The Fair Work Commission’s decision that Australian farm labourers paid piece rates to pick fruit and vegetables must henceforth get a base salary of $25.41 per hour is long overdue and vital. Anyone working in Australia should, in theory, be paid a minimum wage. However, in the agricultural sector, piecework payments, in which workers are paid exclusively for what they produce with no guarantee of a minimum wage, have persisted as a prevalent practice.
“A large component of the seasonal harvesting workforce is engaged on piece rates, and more than half of the seasonal harvesting workforce is temporary migrant workers,” according to the commission’s ruling. The seasonal harvesting labour is subject to exploitation because of these qualities.” Piecework doesn’t have to be exploitative. It all relies on the rates – if they’re high enough to make a livelihood in a terrible season with limited fruit. They should be by law. They haven’t been in practise. The Fair Work Commission has recognised this and is working to rectify it. It’s all about the clock.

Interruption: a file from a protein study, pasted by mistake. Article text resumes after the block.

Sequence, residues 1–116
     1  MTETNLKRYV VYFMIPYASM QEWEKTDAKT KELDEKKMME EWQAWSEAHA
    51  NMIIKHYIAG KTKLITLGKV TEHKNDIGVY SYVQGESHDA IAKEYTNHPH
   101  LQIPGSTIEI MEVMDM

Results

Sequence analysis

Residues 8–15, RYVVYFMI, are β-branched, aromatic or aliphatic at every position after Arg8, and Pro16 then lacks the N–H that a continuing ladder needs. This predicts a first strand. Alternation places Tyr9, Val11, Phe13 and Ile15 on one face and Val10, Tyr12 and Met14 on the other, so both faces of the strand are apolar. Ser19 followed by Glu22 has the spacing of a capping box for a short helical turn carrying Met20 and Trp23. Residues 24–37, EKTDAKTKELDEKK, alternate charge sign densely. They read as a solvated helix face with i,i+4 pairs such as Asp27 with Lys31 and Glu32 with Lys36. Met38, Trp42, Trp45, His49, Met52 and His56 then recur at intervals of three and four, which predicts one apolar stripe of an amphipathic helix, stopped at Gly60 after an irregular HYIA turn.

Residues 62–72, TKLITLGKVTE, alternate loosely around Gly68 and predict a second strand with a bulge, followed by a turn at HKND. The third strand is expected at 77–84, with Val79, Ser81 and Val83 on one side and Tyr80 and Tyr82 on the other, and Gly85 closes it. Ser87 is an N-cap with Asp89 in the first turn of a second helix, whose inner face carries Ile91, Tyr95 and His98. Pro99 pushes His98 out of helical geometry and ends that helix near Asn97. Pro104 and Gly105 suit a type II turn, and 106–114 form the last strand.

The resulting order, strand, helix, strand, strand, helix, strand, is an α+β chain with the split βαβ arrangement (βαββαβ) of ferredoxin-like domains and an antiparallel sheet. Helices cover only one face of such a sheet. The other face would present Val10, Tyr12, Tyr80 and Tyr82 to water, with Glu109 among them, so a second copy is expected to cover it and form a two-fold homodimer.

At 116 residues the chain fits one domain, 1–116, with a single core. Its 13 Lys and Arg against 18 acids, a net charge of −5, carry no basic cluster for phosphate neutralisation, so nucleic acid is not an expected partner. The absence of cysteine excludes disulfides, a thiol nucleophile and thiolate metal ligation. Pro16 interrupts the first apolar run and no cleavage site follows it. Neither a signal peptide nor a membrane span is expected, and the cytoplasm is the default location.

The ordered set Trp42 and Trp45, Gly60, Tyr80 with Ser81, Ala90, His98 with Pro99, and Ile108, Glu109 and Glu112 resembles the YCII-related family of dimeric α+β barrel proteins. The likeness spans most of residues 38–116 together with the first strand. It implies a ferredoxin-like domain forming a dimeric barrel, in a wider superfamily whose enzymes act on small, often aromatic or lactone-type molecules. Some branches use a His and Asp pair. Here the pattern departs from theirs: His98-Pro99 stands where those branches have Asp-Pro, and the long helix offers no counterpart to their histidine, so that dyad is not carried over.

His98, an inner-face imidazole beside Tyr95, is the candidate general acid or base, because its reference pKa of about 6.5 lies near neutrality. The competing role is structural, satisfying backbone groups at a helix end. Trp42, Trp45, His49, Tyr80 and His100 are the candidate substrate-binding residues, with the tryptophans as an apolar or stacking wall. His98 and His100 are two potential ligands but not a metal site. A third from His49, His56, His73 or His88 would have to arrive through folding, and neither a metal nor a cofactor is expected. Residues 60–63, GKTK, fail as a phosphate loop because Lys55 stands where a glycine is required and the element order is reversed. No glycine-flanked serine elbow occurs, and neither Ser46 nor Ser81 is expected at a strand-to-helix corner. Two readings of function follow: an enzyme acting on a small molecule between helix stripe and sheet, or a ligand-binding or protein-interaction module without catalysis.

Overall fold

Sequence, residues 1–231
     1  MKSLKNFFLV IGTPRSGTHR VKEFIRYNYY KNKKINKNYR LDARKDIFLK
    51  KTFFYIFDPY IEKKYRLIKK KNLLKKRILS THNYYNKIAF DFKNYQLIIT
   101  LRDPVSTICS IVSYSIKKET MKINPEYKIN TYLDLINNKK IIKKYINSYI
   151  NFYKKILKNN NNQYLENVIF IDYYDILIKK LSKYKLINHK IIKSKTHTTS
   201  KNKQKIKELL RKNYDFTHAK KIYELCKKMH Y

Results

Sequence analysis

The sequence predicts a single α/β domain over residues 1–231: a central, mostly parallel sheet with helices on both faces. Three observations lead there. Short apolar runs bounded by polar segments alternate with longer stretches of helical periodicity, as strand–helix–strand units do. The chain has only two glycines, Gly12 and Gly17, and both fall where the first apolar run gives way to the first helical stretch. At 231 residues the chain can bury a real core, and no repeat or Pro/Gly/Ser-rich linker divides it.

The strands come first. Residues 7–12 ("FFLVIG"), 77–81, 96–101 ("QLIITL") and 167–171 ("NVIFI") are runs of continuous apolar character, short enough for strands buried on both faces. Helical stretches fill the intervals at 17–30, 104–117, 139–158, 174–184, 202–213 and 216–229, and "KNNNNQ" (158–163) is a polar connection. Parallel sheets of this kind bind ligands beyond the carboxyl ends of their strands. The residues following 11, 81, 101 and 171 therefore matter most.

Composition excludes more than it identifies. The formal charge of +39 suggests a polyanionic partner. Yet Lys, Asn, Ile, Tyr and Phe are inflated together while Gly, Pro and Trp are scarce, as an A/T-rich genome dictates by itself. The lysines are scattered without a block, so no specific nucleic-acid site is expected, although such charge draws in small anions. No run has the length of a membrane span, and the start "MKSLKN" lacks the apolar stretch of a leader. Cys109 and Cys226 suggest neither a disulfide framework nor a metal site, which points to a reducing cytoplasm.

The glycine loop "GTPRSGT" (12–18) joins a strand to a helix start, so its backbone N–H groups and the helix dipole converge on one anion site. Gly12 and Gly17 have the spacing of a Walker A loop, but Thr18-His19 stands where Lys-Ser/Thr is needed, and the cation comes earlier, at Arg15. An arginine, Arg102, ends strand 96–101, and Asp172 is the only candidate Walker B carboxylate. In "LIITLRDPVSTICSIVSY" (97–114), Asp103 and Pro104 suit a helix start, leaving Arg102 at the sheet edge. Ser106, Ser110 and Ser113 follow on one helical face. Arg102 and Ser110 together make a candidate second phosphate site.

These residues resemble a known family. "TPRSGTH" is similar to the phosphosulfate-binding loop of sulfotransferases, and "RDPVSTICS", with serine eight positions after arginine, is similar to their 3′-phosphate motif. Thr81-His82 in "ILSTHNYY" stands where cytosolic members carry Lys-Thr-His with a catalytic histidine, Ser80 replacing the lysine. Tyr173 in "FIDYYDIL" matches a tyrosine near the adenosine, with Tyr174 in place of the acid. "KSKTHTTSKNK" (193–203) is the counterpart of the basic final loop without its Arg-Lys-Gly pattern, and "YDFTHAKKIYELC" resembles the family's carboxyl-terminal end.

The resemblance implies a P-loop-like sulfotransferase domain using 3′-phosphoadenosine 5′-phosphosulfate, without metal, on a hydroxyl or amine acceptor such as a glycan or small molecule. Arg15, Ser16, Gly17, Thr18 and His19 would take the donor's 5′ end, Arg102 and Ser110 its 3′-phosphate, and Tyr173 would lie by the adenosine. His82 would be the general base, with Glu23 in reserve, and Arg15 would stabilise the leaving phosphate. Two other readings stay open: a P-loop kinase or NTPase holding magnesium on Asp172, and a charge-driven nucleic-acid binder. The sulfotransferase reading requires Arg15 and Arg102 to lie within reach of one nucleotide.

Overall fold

Minimum weekly and hourly rates are regulated by the Horticulture Award, which covers farm fruit and vegetable pickers. However, it also allows full-time, part-time, or casual employees to negotiate a piece-rate with their boss. The negotiated rate must “allow the average competent employee to earn at least 15% more per hour than the minimum hourly rate” stipulated in the award, and it must be entered into “without force or duress.” For many, this has not been the case.
Wage theft was shown to be frequent among migrant workers in the 2017 National Temporary Migrant Work Survey. In the study of 4,322 people, 46 percent said they made less than $15 an hour, and 30 percent said they made less than $12 an hour. Wage theft was common in a variety of industries, but agricultural employment was the worst compensated. 31% of migrants working as fruit and vegetable pickers made less than $10 per hour, while 15% made less than $5 per hour.
It was already the responsibility of employers to pay piece rates high enough to allow competent workers to make 15% more the minimum wage. Rather than thinking of this ruling as imposing an “extra cost” on farmers, it should be seen as putting in place a mechanism to ensure compliance with the law. A base rate takes the prospect of vulnerable workers getting paid $3 an hour off the table. That’s definitely not asking for a lot.
Article by: Hari Yellina (Orchard Tech)